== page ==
Oil gained more than 4% on Wednesday, as a larger-than-expected drop in U.S. inventories and hopes of deeper production cuts from OPEC lifted prices.
U.S. West Texas Intermediate crude futures gained $2.33, or 4.2%, settling at $58.43 a barrel. It was WTI's third straight day of gains, and its best day since September. Brent crude futures gained $2.31, or 3.8%, to reach $63.14.
A surprise drop in stockpiles was among the factors pushing oil higher.
U.S. inventories decreased by 4.9 million barrels for the week ending Nov. 29, the U.S. Energy Information Administration said on Wednesday. That was more than three times the 1.4 million decrease that analysts polled by FactSet had been expecting.
Data from the American Petroleum Institute released Wednesday showed a drop of 3.7 million barrels, compared to estimates of a 1.7 million barrel decrease.
Oil also got a boost from talk of deeper production cuts.
OPEC's biannual meeting kicks off Thursday in Vienna, where the 14-member group will discuss the next phase of their oil production policy. On Friday, OPEC and its allies — known as OPEC+ and which includes Russia — will meet.
OPEC+ has cut output by 1.2 million barrels per day since the beginning of the year. The current deal runs through March of 2020.
Ahead of Thursday's meeting, Iraqi oil minister Thamer Ghadhban suggested that the members might be leaning towards steeper cuts, which would see production reduced by an additional 400,000 barrels per day.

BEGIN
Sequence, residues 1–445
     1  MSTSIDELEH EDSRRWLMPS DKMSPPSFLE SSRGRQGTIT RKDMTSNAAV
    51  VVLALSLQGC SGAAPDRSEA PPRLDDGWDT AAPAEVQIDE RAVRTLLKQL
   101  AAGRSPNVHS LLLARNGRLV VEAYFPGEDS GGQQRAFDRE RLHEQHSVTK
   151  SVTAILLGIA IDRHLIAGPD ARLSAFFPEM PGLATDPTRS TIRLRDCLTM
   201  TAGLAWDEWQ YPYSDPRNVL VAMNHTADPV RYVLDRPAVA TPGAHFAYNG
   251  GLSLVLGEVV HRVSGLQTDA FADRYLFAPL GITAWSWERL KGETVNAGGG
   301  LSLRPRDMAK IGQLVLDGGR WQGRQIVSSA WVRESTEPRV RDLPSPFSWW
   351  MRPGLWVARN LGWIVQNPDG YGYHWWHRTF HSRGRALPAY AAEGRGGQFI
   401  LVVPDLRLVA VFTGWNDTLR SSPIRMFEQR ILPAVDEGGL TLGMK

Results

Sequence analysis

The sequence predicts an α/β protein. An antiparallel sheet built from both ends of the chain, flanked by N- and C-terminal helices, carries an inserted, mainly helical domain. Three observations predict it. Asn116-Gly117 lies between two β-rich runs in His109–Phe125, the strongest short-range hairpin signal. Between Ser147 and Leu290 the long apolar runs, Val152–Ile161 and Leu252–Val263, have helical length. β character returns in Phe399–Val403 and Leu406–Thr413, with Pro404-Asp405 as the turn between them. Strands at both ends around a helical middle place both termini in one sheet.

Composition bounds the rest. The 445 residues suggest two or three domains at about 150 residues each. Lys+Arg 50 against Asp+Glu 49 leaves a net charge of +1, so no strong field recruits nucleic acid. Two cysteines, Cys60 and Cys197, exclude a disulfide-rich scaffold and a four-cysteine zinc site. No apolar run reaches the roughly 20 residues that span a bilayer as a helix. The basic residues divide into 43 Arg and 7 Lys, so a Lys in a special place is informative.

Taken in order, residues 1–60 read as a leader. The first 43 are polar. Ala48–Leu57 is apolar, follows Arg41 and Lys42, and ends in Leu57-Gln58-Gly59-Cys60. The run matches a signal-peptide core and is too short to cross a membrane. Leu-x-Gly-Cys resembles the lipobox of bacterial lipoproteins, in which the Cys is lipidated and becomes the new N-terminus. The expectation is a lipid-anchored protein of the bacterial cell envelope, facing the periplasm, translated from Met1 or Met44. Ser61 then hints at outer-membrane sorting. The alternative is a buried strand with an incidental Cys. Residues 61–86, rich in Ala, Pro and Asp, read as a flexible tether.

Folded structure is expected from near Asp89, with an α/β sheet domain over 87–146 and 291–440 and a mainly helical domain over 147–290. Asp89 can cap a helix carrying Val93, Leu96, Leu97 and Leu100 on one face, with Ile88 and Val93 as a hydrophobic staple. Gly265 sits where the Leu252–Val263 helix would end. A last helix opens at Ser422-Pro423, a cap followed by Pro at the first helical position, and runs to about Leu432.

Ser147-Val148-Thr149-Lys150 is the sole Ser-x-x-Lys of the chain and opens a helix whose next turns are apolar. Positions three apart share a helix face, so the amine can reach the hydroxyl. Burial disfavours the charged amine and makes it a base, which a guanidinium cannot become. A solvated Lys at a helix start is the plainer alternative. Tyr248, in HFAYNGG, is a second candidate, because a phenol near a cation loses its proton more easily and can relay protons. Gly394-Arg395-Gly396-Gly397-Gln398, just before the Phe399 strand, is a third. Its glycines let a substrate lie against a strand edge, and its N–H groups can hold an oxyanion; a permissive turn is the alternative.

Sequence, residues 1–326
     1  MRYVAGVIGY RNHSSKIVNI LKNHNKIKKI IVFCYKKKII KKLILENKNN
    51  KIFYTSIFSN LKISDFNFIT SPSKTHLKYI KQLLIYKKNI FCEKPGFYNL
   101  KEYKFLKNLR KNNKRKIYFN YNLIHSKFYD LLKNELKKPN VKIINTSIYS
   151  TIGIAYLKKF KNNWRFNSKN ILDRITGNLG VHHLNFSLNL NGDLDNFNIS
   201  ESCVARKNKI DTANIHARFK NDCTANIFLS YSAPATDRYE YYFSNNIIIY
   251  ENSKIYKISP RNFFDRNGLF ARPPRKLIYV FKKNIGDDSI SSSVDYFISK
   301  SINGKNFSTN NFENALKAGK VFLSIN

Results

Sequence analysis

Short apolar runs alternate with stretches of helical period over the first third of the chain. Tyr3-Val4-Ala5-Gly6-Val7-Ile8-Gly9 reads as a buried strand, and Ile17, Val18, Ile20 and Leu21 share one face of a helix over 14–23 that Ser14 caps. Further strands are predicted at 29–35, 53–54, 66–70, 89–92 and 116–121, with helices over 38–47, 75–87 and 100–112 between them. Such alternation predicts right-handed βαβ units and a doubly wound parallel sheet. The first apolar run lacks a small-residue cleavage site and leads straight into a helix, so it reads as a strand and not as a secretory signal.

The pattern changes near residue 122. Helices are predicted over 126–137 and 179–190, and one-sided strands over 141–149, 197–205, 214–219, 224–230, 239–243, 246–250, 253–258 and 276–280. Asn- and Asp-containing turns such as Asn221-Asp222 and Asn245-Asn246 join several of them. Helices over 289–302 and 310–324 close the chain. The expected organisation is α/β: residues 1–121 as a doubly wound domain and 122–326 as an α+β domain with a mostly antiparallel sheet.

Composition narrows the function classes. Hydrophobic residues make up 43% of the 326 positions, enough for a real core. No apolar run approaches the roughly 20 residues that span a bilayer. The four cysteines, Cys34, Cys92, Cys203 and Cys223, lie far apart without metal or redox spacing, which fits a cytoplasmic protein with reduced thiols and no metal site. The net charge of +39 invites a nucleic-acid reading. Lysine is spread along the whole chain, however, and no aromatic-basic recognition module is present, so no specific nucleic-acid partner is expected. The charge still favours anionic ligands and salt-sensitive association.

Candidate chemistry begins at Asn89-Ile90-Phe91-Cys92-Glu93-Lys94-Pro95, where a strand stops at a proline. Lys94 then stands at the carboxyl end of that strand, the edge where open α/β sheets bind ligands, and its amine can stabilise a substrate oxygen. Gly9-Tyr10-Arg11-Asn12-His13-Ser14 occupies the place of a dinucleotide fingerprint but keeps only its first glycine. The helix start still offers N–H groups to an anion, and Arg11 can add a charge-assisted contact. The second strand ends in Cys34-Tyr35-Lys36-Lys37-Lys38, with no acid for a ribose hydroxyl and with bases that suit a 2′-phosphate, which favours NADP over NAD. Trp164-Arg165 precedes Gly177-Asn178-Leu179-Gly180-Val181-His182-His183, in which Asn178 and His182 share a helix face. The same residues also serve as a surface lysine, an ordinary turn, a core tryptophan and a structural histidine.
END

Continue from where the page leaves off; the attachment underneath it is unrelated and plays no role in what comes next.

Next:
But Rebecca Babin, a senior energy trader at CIBC Private Wealth Management, was quick to note that Wednesday's surge brings oil back to where it traded last week, before Friday's sell-off on comments from Russian Energy Minister Alexander Novak.
"This move essentially is re-calibrating crude prices to reflect lower odds that the deal is not extended and higher odds of deeper cuts," she said to CNBC.
While she attributed Wednesday's action to an increased probability of deeper cuts, she noted that it's not yet a given. "Iraq's credibility regarding additional output cuts could be questioned, as they have yet to comply with the original cuts imposed as part of the OPEC+ agreement," she said.
Earlier in Wednesday's trading session oil had pared some of its gains following a Dow Jones report that Saudi Arabia might boost production if other OPEC members do not comply with the current production cut stipulations. This followed a Reuters report on Monday that Saudi Arabia could be in favor of deeper cuts in order to give Aramco a boost as it hits the public market.
- CNBC's Sam Meredith contributed reporting.